Organizations in North America alone spend over $160 billion on training and employee development every year. With that type of investment, coupled with the intense focus and unflinching scrutiny most businesses place on the bottom line, one would naturally assume that the “payoff” or ultimate benefits (e.g., increased productivity and revenue) of all these training programs are being rigorously measured and monetized down to the last penny. Surprisingly, this assumption could not be further from the truth. Most organizations are not measuring the business returns on these colossal training expenditures. Even the most bottom-line–minded businesses, the ones that pinch and squeeze every penny to show profitable growth year over year, seem to be oddly accepting and complacent with their inability to demonstrate an aggressive return on their training investments.
Granted, turning all the benefits of training into solid, top-line dollar values is no easy task, but most organizations don’t even try. They collect little or no data to connect training events to employee behavior, they collect no data connecting employee behavior to business results, and they certainly never come close to building a sound ROI case for their training investments. When we look at the magnitude of the these training budgets compared to the amount of comprehensive impact studies that are being done, we are instantly faced with the irrefutable fact that otherwise smart, savvy, profit-focused organizations are sending millions of employees through training experiences, spending billions of dollars on training every year, and quite literally have nothing to show for it.
So, what’s the problem? Why do employees and their businesses end up with nothing to show for training? Why aren’t organizations making an aggressive and determined attempt to measure and report the true benefits of their training programs? The short answer is simple: They lack the expertise and confidence to present their results to senior business leaders. In a recent study, it was estimated that over 95 percent of organizations feel the real need and urgency to demonstrate the impact and bottom-line value of training, but fewer than 5 percent feel confident in their ability to measure and report that very same business impact. The paradox is that ROI numbers are so important to the business that most training organizations are too afraid to present them. They want to get it right so badly, and they are so afraid of getting it wrong, that they end up presenting nothing! This paralysis and lack of data are quickly interpreted as ineffectiveness and only fuel the notion that training doesn’t work and is simply a frivolous waste of time and money.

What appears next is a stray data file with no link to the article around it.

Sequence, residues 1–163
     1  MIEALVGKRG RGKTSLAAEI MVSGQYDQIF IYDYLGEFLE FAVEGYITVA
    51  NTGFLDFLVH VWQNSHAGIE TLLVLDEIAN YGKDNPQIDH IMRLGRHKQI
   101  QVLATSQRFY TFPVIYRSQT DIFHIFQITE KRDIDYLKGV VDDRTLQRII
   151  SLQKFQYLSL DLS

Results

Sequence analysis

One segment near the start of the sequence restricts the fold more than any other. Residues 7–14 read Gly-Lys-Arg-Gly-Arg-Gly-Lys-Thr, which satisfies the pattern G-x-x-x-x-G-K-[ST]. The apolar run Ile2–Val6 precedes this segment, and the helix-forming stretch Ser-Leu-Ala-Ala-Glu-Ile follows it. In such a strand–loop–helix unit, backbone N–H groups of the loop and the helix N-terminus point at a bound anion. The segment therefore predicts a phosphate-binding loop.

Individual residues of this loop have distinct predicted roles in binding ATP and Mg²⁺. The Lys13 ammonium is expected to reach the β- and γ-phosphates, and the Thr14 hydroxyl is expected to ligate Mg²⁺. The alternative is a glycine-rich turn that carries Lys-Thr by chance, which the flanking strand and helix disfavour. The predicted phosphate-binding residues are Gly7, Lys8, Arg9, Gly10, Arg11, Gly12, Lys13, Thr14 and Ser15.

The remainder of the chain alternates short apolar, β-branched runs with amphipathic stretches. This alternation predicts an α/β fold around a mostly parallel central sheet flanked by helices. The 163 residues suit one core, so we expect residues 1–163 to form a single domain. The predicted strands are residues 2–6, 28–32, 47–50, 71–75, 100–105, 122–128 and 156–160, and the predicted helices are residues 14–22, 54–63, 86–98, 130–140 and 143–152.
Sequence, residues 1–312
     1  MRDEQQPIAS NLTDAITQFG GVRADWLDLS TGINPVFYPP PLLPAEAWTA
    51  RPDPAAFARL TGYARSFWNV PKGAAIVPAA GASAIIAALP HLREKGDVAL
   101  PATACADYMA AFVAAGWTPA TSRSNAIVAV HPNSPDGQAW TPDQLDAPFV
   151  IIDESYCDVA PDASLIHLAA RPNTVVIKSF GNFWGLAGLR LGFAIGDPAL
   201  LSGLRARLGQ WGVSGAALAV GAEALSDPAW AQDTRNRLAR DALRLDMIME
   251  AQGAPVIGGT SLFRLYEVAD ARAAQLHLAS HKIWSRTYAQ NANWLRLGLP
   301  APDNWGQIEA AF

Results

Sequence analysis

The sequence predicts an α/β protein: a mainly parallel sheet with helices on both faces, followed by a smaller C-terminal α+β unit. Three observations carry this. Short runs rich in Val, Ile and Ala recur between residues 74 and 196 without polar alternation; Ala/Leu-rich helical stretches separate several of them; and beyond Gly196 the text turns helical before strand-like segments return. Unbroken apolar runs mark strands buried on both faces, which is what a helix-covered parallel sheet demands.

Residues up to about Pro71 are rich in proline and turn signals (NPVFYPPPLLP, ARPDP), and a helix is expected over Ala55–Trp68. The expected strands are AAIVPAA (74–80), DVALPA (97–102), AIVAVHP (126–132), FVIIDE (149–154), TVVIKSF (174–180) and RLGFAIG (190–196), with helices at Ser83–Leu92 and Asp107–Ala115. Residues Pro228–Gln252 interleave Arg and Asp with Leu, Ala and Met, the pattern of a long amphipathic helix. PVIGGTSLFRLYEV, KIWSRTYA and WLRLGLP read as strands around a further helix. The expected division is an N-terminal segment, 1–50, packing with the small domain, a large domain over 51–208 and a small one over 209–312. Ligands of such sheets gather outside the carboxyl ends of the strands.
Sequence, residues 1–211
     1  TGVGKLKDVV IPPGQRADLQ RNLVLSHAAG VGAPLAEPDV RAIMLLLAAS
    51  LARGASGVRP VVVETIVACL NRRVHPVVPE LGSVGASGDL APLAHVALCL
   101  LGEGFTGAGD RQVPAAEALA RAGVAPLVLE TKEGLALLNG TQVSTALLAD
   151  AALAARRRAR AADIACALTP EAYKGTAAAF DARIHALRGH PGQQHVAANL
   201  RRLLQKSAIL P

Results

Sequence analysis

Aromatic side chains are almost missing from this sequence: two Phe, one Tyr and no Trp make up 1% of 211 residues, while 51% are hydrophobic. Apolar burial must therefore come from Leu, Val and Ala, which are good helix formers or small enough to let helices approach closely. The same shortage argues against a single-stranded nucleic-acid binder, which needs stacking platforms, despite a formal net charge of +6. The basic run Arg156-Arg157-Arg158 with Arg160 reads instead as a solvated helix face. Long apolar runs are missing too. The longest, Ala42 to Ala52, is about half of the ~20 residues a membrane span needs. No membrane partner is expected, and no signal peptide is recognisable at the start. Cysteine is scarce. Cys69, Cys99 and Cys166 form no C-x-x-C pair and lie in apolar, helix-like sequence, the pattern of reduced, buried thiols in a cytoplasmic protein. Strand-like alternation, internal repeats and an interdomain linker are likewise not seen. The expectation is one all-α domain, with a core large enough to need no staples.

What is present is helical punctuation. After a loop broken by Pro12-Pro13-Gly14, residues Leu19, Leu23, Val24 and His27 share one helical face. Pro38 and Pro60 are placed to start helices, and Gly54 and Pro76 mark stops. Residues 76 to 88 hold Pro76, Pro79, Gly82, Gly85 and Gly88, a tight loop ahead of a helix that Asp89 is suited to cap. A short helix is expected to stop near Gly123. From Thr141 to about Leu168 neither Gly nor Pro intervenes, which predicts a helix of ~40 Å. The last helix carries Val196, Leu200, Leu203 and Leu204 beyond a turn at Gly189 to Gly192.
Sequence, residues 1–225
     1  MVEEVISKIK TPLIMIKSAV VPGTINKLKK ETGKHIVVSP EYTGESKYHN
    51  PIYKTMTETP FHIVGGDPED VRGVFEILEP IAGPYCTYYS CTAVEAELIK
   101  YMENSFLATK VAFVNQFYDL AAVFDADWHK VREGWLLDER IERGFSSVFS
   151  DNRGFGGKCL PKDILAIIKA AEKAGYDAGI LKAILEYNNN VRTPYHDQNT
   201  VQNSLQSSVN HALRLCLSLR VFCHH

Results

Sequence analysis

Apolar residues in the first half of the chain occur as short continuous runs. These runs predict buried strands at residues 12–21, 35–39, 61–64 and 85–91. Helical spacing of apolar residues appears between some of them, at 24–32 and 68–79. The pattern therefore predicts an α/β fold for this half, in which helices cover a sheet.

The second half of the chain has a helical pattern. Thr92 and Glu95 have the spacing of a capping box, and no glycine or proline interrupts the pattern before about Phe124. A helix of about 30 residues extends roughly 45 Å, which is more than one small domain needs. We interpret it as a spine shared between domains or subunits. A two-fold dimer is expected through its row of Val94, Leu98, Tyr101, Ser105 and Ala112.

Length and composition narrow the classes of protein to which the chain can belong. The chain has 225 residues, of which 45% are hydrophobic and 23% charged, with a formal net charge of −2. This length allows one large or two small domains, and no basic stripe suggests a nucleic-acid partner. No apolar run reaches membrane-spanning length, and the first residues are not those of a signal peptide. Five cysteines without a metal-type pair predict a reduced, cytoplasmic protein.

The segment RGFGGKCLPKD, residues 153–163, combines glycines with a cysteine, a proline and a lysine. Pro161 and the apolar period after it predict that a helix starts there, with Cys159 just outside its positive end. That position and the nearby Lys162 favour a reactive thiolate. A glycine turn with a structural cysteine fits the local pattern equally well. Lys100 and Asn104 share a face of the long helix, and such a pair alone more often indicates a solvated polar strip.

Let’s face it: We can never get better training budgets or gain respect at the C-table if we present nothing. Imagine going for a job and submitting a resume with no previous accomplishments and no clear description of the value you will add, and then in large, bold print, your salary requirements! Can you imagine going to a bank and asking a loan officer for money to open a new business and promising nothing in return? Can you imagine going in front of a judge to plead your case and presenting no hard evidence? In all these cases, you’d either be laughed at or escorted to the door. While I exaggerate a bit, the reality is that when we don’t present any benefits of training and employee development, we leave top executives and decision-makers little choice but to dismiss our requests for spending and drop us to the bottom of their priority list.
The ultimate message here is that you must conduct your business impact and ROI studies. You must prove, at least with some of your programs, that they bring bottom-line value to the organization. You’ll be surprised how appreciative business leaders are to see that you’re linking your initiatives to the metrics they really care about. They’re not looking for perfection; they’re only looking for progression. I remember when I first started conducting and presenting these impact studies 15 years ago. I was far less confident, and the methods and reports were far less polished. But even then, I remember how excited and receptive top executives were to hear any type of ROI estimates coming from the training groups that were historically silent. Invest some resources into measuring your results and presenting your findings; it may be the best ROI you ever have.